New life expectancy rates stress the importance of NFESH’s work in McDowell County
An article in yesterday’s Washington Post showcases a new study conducted by researchers at the University of Washington that examines the life expectancy rates for counties across the United States. According to the study, McDowell County, WV, has the lowest life expectancy in the United States for males and the second lowest for females. Many premature deaths could be prevented, the study suggests, by making societal changes to address risks. Dietary risks are principal among these. In 2010, 678,282 Americans died because of dietary risks compared to 465,651 who died that year of smoking-related diseases. An additional 1.4 million died from four diseases that are directly affected by diet.
The Post article also quotes Ali Mokdad, a professor who worked on the study, as saying “If the U.S. can make progress with dietary risk factors, physical exercise and obesity, it will see massive reductions in [premature] death and disability.”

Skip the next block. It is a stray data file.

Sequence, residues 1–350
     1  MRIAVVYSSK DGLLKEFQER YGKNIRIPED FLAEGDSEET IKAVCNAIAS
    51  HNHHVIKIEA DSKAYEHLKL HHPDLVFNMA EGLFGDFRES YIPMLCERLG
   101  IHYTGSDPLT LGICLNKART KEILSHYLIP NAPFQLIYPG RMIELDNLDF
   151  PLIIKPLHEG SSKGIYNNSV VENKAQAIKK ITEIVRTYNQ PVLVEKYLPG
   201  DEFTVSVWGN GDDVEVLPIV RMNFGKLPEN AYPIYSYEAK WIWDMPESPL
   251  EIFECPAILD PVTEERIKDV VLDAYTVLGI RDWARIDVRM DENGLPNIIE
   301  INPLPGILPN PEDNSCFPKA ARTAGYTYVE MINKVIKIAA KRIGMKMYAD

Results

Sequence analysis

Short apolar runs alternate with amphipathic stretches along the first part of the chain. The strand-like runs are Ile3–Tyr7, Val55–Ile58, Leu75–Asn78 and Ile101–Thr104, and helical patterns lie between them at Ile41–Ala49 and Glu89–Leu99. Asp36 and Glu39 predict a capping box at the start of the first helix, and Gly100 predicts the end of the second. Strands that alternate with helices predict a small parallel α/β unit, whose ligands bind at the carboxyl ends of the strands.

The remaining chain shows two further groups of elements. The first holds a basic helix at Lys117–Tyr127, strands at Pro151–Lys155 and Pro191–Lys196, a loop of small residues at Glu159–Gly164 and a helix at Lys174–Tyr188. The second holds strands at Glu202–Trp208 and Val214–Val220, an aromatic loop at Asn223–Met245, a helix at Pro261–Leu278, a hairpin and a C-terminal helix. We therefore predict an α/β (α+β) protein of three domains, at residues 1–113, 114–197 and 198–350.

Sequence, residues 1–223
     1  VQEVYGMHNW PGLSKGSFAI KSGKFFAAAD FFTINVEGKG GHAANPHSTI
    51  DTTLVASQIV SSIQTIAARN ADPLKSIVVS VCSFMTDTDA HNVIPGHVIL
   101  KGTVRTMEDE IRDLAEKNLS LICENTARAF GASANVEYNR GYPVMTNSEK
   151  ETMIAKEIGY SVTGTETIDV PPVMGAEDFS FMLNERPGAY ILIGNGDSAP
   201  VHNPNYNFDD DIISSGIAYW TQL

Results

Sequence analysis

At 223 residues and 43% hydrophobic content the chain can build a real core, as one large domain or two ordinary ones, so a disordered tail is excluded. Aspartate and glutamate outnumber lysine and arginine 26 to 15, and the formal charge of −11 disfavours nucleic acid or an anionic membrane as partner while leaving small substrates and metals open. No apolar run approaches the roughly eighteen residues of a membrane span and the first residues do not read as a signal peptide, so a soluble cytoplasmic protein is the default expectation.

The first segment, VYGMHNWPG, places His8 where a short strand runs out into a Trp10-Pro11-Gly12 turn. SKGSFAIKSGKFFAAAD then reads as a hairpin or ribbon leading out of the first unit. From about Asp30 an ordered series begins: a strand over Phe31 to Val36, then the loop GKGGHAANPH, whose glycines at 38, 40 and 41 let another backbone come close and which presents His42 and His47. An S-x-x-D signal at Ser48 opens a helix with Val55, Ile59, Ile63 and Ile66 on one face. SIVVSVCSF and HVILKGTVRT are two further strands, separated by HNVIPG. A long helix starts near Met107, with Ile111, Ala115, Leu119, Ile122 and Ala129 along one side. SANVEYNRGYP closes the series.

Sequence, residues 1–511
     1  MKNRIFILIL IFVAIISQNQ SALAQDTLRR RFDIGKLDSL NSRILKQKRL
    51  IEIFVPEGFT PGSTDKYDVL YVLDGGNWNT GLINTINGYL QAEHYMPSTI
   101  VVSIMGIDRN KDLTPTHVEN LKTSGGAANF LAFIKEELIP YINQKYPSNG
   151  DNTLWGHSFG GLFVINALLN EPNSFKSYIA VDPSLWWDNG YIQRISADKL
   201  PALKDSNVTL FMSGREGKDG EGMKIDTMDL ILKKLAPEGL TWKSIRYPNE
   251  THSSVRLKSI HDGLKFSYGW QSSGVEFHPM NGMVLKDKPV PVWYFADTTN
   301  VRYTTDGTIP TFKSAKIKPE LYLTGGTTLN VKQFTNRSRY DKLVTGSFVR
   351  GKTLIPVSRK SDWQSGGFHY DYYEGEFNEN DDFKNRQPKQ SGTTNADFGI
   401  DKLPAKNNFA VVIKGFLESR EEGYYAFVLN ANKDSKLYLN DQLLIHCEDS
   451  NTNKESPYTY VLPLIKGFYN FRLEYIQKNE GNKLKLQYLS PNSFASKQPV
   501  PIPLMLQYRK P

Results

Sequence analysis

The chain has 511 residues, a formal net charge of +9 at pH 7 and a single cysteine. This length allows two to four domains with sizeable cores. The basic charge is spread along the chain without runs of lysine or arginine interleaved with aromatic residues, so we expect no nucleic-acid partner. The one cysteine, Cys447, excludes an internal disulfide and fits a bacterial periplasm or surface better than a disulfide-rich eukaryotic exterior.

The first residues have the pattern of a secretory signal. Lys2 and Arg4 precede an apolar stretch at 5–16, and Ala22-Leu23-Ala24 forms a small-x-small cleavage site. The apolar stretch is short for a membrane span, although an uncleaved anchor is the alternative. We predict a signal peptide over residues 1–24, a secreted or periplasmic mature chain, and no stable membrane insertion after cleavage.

Taken together, these facts emphasize the importance of the National Foundation to End Senior Hunger’s work in McDowell County, WV, to reduce the hunger disparities in multigenerational households. At the heart of our work there is NFESH’s FeeducationTM program that is designed to teach low-income individuals how to purchase and prepare nutritious meals in an area where access and food choices are limited. According to the U.S. Census Bureau, McDowell County is the poorest county in West Virginia. To learn more about our work to end hunger in McDowell County, click here.